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Electrosorption Studies

Affiliated Research Centre(s): 

Lipid Physisorption:

The electrode surface can be modified through physiorption of lipid-like molecules, such as octadecanol. This adsorbed layer can change its orientation or organization on the surface in response to changes in the electrode potential. At negative potentials, this layer can be forced off the electrode surface and exist as aggregates near the electrode surface. We study these potential induced changes using fluorescent tagged octadecanol - like molecules, measuring fluorescence as a function of electrode potential. The fluorescence we measure is very dependent on the distance the fluorphore is from the electrode surface, and therefore we only see the desorbed molecules, since the adsorbed molecules are not strongly fluorescent. The image below shows the fluorescence images and schematic representation of the desorption (negative potential) and readsorption (positive potentials) processes. The structures observed are around 10 um in size (limited by our optical resolution) but could be clusters of smaller clusters.

Thiol SAMs

The same type of process as described above was observed for electrode surfaces that are modifed using alkyl-thiols, so-called SAMs (self-assembled monolayer). We have shown that removal of the fluorescent labeled SAMs results in similar changes in fluorescence. Desorption of these molecules results in removal of the SAM from particular regions of the electrode surface depending on the potential used. Interestingly, these molecules do not seem to re-adsorb to a significant extent.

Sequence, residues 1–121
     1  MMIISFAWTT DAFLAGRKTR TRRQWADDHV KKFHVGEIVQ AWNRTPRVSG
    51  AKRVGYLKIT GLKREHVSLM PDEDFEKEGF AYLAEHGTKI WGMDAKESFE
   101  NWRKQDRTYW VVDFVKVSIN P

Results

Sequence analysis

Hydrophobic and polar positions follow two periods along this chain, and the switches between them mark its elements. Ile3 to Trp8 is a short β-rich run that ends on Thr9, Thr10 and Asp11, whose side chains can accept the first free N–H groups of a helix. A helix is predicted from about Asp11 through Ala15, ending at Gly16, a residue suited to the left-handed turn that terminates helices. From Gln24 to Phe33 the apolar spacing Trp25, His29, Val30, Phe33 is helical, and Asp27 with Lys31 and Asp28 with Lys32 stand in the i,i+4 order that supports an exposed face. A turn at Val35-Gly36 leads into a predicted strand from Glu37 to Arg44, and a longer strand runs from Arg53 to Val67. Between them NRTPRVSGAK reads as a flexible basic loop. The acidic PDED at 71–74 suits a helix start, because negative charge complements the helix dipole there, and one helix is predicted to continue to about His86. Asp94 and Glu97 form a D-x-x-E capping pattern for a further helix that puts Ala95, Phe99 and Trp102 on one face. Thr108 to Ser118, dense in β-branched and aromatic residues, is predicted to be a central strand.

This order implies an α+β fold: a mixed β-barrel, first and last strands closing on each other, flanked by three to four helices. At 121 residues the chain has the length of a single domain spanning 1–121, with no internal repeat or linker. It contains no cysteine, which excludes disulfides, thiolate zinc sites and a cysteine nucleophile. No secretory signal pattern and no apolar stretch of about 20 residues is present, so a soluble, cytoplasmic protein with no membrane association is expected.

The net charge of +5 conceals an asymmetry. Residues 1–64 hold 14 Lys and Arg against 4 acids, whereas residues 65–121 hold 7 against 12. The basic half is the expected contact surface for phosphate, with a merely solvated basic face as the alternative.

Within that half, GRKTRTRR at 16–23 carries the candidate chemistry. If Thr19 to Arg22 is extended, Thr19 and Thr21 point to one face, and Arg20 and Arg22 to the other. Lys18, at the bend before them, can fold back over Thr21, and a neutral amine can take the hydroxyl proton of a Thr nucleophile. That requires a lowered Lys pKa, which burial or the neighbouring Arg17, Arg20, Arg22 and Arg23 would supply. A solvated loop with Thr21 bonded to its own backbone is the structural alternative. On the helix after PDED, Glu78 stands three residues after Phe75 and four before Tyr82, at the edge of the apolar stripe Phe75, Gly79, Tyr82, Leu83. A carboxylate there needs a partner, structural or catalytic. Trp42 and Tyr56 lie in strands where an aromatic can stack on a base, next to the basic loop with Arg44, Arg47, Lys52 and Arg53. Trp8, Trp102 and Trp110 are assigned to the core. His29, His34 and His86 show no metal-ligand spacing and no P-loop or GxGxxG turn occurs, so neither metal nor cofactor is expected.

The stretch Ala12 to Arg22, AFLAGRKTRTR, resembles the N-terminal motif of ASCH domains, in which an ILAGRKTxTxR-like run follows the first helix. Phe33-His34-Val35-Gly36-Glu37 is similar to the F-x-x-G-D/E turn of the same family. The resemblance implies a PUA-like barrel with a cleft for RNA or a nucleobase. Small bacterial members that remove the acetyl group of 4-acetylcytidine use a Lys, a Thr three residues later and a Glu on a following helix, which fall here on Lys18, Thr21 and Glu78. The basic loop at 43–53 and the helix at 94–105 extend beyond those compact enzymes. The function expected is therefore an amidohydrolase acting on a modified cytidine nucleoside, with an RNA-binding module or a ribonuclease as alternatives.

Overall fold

DNA Thiol SAMs

We are exploring the surface characteristics of SAMs created for DNA biosensors in collaboration with Hogan Yu at SFU. The DNA is modified by a thiol and allowed to assemble onto a gold surface. The non-specically adsorbed DNA is then displaced through further exposure to another thiol(MCH). Typically the DNA we use contains a fluorescent group at the end furthest from the gold surface. The resulting mixed layer is then used to sense for complimentary strands in solutions etc. We use our techniques to look carefully at these surfaces and try to explain the electrochemical/spectroscopic responses observed. We have recently published these findings.